In 1816 Monroe obtained the presidential nomination and was easily elected. During his first administration, serious differences over the question of slavery in the territories were accommodated by the Missouri Compromise, which Monroe signed despite his sympathy for the South in this matter. In foreign affairs a number of settlements were reached. The Rush-Bagot agreement with Great Britain (1817) provided for mutual limitation of armaments on the Great Lakes, and the U.S.-Canadian boundary question was also settled. U.S. possession of the Floridas was confirmed by Andrew Jackson's campaigns and a treaty with Spain (1819).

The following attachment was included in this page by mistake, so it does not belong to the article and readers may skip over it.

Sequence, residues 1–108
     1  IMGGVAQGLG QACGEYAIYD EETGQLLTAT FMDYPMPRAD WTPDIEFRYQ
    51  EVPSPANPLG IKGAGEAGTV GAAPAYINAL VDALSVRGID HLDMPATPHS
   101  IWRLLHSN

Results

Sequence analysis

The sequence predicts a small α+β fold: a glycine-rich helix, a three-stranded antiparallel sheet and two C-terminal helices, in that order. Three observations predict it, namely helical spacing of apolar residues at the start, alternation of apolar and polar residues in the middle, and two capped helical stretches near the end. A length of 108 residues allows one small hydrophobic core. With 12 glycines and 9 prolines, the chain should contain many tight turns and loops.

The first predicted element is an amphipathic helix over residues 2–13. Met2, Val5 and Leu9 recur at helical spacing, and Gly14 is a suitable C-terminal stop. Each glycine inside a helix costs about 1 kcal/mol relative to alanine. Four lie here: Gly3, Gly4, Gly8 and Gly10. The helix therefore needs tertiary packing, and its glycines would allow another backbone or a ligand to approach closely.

In the 1820 election, despite economic depression, Monroe lost only one vote in the electoral college that reelected him. Late in 1823, he issued what came to be known as the Monroe Doctrine, one of the most important principles of U.S. foreign policy. Although this declaration was as much the work of Monroe's Secretary of State, John Quincy Adams, as of the President himself, the initiative for presenting it in the annual message to Congress was Monroe's. The experiment of the American Colonization Society in settling Liberia was undertaken with Monroe's blessing, and Monrovia was named for him.
At the end of his term Monroe retired to his estate, Oak Hill, near Leesburg, Va. In 1829 he presided over the Virginia constitutional convention and supported the conservatives on suffrage and slavery. He died during a visit to New York City.
The Columbia Electronic Encyclopedia, 6th ed. Copyright © 2012, Columbia University Press. All rights reserved.